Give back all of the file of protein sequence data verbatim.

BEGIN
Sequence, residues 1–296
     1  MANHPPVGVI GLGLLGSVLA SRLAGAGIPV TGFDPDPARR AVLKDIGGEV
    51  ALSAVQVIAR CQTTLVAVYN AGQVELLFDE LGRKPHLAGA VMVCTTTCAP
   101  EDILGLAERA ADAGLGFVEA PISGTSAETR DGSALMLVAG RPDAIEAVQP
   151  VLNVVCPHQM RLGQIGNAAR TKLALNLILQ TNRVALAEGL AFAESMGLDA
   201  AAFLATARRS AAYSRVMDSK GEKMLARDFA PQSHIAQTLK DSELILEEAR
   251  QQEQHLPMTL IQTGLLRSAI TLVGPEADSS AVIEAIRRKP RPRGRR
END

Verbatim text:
Sequence, residues 1–296
     1  MANHPPVGVI GLGLLGSVLA SRLAGAGIPV TGFDPDPARR AVLKDIGGEV
    51  ALSAVQVIAR CQTTLVAVYN AGQVELLFDE LGRKPHLAGA VMVCTTTCAP
   101  EDILGLAERA ADAGLGFVEA PISGTSAETR DGSALMLVAG RPDAIEAVQP
   151  VLNVVCPHQM RLGQIGNAAR TKLALNLILQ TNRVALAEGL AFAESMGLDA
   201  AAFLATARRS AAYSRVMDSK GEKMLARDFA PQSHIAQTLK DSELILEEAR
   251  QQEQHLPMTL IQTGLLRSAI TLVGPEADSS AVIEAIRRKP RPRGRR